Abstract

http://ssrn.com/abstract=2027543
 
 

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Should Google Search Be Regulated as a Public Utility?


Mark A Jamison


University of Florida - Warrington College of Business Administration, Public Utility Research Center

March 17, 2012


Abstract:     
I examine the validity of the arguments for regulating Google search and find that they are insufficient and that regulation would likely be counterproductive. Google search does not fit the traditional frameworks for justifying regulatory control, namely, the public utility concept, common carrier concept, and essential facilities doctrine. For example, Google’s search is not monopolistic in nature, does not preclude rivals from competing against Google, does not rely upon grant of a franchise as does a utility, and does not take control of rivals’ content or service. Furthermore, the advocates for regulation fail to give adequate weight to the changes that constantly occur in the search business, the ways that rivals benefit from Google’s investments, the negative impacts of forcing Google to reveal its search algorithms, and regulation’s stifling effect on innovation.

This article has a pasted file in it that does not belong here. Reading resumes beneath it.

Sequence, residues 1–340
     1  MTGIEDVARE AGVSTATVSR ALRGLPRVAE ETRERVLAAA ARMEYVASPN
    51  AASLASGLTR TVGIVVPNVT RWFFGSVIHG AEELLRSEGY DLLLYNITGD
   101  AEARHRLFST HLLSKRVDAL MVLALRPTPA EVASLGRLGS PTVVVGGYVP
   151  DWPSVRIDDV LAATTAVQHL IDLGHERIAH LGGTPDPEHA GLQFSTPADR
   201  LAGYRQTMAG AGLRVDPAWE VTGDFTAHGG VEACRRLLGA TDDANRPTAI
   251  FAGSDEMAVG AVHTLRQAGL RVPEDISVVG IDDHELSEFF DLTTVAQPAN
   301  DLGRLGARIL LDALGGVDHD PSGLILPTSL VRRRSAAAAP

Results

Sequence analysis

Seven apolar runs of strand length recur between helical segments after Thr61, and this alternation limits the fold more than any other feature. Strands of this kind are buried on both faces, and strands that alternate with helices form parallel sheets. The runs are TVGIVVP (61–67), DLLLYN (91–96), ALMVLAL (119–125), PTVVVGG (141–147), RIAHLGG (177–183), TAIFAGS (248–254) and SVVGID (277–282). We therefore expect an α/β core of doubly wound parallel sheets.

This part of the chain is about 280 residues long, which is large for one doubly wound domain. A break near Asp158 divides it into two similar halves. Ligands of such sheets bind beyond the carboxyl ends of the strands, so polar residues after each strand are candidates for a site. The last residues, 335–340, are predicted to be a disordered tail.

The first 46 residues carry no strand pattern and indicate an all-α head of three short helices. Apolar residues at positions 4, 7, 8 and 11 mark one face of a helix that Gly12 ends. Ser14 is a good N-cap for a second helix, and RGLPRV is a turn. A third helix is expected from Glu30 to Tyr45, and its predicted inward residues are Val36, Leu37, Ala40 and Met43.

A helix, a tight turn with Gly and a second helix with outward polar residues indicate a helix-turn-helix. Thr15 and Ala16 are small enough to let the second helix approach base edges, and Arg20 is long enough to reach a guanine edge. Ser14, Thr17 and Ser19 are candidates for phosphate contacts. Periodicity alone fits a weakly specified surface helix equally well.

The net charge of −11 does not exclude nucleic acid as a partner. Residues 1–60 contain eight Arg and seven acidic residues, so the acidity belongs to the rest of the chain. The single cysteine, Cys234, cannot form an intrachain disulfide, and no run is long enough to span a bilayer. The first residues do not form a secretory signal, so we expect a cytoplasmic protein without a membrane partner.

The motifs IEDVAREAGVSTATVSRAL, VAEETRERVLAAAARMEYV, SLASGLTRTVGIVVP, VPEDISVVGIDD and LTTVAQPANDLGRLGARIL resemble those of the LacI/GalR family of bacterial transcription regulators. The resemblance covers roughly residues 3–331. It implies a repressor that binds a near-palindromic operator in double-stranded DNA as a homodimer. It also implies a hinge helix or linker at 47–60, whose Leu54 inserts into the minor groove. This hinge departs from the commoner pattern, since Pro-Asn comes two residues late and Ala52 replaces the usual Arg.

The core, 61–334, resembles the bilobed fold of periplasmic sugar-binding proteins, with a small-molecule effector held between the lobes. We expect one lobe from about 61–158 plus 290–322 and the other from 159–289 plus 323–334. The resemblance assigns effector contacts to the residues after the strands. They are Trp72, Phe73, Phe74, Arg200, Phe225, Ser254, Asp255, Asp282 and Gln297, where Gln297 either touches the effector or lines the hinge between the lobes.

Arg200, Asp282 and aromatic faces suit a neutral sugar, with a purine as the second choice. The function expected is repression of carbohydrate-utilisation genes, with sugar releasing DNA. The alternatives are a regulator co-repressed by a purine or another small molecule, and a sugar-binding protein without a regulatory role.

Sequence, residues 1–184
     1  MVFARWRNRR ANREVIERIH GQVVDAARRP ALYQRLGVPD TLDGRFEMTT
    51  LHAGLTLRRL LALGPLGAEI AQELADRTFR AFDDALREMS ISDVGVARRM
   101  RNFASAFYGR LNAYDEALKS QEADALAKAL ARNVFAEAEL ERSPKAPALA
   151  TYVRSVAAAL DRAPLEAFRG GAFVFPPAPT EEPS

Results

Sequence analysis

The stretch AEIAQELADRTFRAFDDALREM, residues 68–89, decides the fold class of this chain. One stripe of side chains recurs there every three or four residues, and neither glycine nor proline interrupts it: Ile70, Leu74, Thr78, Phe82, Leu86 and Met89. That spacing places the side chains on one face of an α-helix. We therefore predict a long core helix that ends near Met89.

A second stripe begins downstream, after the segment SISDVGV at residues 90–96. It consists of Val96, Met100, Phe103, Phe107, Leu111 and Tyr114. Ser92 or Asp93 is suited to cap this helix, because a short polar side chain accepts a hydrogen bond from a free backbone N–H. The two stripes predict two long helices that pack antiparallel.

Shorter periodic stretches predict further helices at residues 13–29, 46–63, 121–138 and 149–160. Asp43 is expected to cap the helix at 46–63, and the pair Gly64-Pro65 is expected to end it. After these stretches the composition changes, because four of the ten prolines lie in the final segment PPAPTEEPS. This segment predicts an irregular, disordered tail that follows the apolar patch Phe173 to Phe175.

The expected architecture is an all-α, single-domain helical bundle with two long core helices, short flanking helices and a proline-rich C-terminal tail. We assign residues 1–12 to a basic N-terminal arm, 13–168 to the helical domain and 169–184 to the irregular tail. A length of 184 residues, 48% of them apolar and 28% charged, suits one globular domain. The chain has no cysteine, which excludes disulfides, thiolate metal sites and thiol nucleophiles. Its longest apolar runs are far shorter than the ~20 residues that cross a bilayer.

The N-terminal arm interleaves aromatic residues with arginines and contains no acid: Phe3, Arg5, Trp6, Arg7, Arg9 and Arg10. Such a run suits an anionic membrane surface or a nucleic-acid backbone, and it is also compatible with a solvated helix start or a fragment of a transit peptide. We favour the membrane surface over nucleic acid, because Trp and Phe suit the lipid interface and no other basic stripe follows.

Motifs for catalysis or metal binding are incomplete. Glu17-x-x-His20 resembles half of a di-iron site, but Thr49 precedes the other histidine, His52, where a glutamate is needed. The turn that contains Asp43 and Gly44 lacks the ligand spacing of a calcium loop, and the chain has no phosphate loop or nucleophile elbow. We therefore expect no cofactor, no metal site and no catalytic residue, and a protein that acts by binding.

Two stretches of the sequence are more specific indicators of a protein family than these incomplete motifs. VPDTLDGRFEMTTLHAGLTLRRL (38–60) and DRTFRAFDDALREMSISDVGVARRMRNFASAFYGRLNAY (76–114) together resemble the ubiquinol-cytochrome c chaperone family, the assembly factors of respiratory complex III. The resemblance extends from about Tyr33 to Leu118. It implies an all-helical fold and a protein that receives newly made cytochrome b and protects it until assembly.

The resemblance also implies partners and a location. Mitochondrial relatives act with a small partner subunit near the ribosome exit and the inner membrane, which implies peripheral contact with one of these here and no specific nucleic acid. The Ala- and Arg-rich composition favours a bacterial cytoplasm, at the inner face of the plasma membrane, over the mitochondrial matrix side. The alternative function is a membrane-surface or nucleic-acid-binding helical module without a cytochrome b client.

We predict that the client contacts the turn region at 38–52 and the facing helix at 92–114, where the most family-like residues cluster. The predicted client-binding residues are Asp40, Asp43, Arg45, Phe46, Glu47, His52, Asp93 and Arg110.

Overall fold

Number of Pages in PDF File: 28

JEL Classification: K21, K23, L12, L13, L42, L51

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Date posted: March 25, 2012  

Suggested Citation

Jamison, Mark A, Should Google Search Be Regulated as a Public Utility? (March 17, 2012). Available at SSRN: http://ssrn.com/abstract=2027543 or http://dx.doi.org/10.2139/ssrn.2027543

Contact Information

Mark A. Jamison (Contact Author)
University of Florida - Warrington College of Business Administration, Public Utility Research Center ( email )
PO Box 117142
Gainesville, FL 32611
United States
352-392-6148 (Phone)
352-392-7796 (Fax)
HOME PAGE: http://warrington.ufl.edu/purc/facultyinfo.asp?WEBID=1217
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